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Kevin Durant officially has been ruled out for the season by the Oklahoma City Thunder, general manager Sam Presti announced Friday.

The defending NBA MVP will have bone graft surgery on his injured right foot next week in New York City. His rehabilitation is expected to take four to six months.

Durant, the small forward who led the NBA in points each of the past five seasons, played in 27 games this season, averaging 25.4 points, 6.6 rebounds and 4.1 assists a game. But he never quite looked right on his foot after a Jones fracture delayed the start to the season.

The Thunder are 41-31 and in eighth place in the Western Conference, but they also are without power forward Serge Ibaka. This news means Durant won’t be back for the playoffs, when the Thunder once hoped he could rejoin Russell Westbrook to push the team back into title contention.

Here’s the full explanation from Presti:

“As we communicated last week, Kevin was going to use this time to engage in consultation and evaluation regarding the persistent soreness in his right foot at this stage of his rehabilitation. As part of this process, Kevin and Thunder personnel traveled to two additional specialists this past week; Dr. Martin O’Malley in New York City and Dr. James Nunley at Duke University. These in-person consults were designed to further supplement the previous evaluations of Dr. Bob Anderson. Several conference calls and discussions amongst the specialist team concluded that, while the majority of the soreness in Kevin’s foot was related to continued inflammation of the cuboid bone and would subside with rest, the evaluation process also determined that the Jones fracture of the fifth metatarsal, which had shown significant healing previously, was now demonstrating signs of regression.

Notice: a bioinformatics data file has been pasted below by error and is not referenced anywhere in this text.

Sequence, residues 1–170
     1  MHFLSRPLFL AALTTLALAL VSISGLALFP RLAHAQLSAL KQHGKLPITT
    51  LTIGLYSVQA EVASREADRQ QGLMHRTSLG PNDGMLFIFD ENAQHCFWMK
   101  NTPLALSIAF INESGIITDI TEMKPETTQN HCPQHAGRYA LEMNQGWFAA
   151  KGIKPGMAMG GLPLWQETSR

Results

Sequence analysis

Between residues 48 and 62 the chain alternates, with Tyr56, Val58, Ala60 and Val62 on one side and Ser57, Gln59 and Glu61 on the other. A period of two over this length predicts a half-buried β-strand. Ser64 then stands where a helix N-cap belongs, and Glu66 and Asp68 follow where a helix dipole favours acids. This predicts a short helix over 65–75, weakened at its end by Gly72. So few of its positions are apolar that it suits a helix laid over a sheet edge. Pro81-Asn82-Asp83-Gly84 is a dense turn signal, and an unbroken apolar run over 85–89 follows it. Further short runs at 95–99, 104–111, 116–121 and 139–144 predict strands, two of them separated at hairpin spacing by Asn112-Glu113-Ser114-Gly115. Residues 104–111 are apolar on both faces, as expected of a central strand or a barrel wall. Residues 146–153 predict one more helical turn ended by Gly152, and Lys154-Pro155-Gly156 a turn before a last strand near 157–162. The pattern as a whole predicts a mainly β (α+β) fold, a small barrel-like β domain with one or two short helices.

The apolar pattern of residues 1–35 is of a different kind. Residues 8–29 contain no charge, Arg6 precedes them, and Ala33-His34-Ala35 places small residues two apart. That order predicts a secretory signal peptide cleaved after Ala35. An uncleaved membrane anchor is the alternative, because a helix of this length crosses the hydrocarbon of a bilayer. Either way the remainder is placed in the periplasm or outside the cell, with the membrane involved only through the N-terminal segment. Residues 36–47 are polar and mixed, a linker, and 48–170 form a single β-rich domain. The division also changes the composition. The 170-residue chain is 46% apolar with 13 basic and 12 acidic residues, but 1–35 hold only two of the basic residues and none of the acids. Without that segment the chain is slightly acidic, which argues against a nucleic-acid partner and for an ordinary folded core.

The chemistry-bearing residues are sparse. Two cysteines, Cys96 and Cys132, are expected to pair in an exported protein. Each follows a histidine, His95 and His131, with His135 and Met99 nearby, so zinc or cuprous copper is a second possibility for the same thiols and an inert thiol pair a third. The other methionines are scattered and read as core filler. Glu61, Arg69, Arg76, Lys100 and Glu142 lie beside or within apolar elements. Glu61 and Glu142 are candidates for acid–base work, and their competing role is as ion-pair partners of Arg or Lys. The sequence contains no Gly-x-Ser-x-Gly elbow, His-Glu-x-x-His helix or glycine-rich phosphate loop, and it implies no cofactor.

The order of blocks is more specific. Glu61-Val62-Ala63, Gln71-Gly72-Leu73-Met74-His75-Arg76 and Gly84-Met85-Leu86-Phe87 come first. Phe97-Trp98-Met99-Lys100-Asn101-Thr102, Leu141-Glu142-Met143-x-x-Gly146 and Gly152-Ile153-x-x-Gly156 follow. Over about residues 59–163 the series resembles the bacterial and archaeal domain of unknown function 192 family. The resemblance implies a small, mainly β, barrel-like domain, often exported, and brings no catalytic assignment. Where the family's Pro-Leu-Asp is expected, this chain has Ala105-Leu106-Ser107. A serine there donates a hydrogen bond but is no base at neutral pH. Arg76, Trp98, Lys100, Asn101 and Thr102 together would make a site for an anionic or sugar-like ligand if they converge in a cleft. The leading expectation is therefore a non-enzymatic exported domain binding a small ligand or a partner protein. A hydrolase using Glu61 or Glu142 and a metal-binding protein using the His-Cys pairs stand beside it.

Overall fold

“With the focus of this process being aimed entirely on Kevin’s long term health and stability, it was the consensus of the specialists team, in addition to a collective decision by Kevin, his representation and the Thunder, that to address the setback of the fracture site, a bone graft procedure would be the most proactive and recommended approach. The bone graft is the standard procedure for the five to eight percent of Jones fracture surgeries that do not initially have success or experience setbacks sometime within the recovery period. While everyone is disappointed that Kevin falls into that group, we are encouraged that the bone graft procedure has historically demonstrated long-term health and stability.

“Dr. O’Malley will perform the bone graft surgery early next week in New York. He has extensive bone grafting experience amongst athletes and has been consulting on the case throughout. Kevin will miss the remainder of the 2014-15 season and is expected to return to basketball activities in the next four to six months.”

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